Summary publication

See also Guide to the Mornington Report (1993)

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In November 1990 the Federal Race Discrimination Commissioner received a petition signed by 163 Aboriginal residents on Mornington Island requesting an investigation of an incident, which is described in section 2.1 below. The Commissioner also received letters from other individuals on the Island requesting her intervention. All these requests had been forwarded through legal representatives of the West Queensland Aboriginal and Torres Strait Islander Corporation for Legal Aid (1).

In March 1991, Ms N Blair and Mr C Cunneen visited Mornington Island and interviewed many Aboriginal and non-Aboriginal people, both as representatives of various organisations and in their personal capacities. A Preliminary Report was prepared for the Race Discrimination Commissioner. The Preliminary Report recommended, inter alia, that she, with members of her staff, personally visit Mornington Island to consult with residents. Commissioner Moss visited Mornington Island in November 1991. In October 1992, HREOC officers again visited Mornington Island on the Commissioner's behalf to discuss the proposed recommendations with residents and others on the Island, and to get an updated picture of the situation. This report is the outcome of these visits.

During the course of the preparation of this Report, the assistance of the West Queensland Aboriginal and Torres Strait Islander Corporation for Legal Aid is acknowledged. The Queensland Police Service has also been helpful in providing access to personnel and information.

It will be apparent from the information contained in this Report that the issues to be confronted on Mornington Island are wide-ranging. Although the issue which sparked the Commissioner's investigation centred around the criminal justice system and in particular relations with police, there are broader concerns which are of importance to the community. Indeed, these broader issues impact on and to some extent structure relations with the criminal justice system.

It is also noteworthy that there have been some positive changes during the eighteen months between the first and third visit by HREOC staff. It must be noted that there was considerable improvement in the quality of policing services to the Island. The Race Discrimination Commissioner is keen to acknowledge and support any positive changes in the delivery of services to Aboriginal communities. For example, it seems from most recent reports that improvements are being made as regards birthing practices. In addition, Northern Project Management is no longer involved in the administration of the Community Development Employment Program as was the situation at the time of the visits.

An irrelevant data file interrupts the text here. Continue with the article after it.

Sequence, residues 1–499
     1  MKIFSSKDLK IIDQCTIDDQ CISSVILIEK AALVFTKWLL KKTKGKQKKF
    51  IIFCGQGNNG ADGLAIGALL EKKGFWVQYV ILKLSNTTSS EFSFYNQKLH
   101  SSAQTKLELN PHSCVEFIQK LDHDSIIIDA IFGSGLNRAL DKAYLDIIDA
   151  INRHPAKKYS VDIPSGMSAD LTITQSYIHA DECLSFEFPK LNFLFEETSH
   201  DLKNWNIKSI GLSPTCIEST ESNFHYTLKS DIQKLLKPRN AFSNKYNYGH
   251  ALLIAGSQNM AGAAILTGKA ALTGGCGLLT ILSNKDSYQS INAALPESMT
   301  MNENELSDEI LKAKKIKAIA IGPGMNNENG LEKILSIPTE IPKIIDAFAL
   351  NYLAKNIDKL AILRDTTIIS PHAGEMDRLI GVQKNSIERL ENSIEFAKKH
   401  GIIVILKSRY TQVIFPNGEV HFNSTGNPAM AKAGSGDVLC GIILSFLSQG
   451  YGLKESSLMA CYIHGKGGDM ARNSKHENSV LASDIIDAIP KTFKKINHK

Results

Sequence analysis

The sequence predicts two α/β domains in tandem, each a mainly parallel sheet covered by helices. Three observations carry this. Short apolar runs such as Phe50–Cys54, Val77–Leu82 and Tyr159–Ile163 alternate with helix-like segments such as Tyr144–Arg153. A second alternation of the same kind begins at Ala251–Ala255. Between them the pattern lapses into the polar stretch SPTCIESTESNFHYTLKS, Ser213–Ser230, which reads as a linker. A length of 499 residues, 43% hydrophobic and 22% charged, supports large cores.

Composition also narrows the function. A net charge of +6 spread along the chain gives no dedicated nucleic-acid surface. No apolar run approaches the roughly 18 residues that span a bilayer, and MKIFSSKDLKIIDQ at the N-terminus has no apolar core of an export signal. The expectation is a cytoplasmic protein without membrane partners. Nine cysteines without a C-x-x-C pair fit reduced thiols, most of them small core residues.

There are, however, fundamental problems of an ongoing nature. In many respects the people of Mornington Island live in a social, economic and political situation which would never be acceptable to non-Aboriginal people living in most parts of Australia.

There is a degree of surveillance and control of aspects of day-to-day life which seem extraordinary by the standards of citizenship and social participation which most Australians enjoy. Surveillance in this context includes the collation of data about Aboriginal drinkers; the collection
of monies by the Council etc.

In many respects the people of Mornington Island live under a system which is neo-colonia1.(2) Ostensibly there is local control through the election of councillors to a shire local government. However the political system has been imposed from the outside. It is a model of government introduced without consultation, let alone negotiation. Furthermore it is based on a model over which local people have little direct control and which reproduces the effective power of largely non-Aboriginal administrators. All key positions of power, decision-making and administration are held in non-Aboriginal hands; including health, education, justice, shire administration, civil engineering and trades employment and most other service delivery positions.

Many of the people in these positions exhibit what could be called a paternalistic attitude. Moreover the rapid turnover of non-Aboriginal staff in key positions means that there are often few opportunities for such paternalism to be challenged. During the course of developing this Report on Mornington Island all key non-Aboriginal personnel changed at least once.

This Report is critical of many aspects of the way in which affairs are conducted on Mornington Island. Such criticisms are made with the view to effect positive social and political change which will benefit all people on the Island. The view developed in this Report is that circumstances on Mornington Island would not be tolerated elsewhere in non-Aboriginal Australia.


1 Hereafter referred to the Aboriginal and Islander Legal Service.

2 The term 'neo-colonial' has been used, although another concept often used to describe such a situation is 'welfare colonialism'. For instance, Rowse writes that the change from colonialism to welfare colonialism 'involves a further stage of tutelage in which Aboriginal people nominally enjoy the right to run their own affairs, but actually fmd themselves having to learn to do so according to the forms of land tenure and administrative process created for them by the state.' (Rowse, 1992, p.19)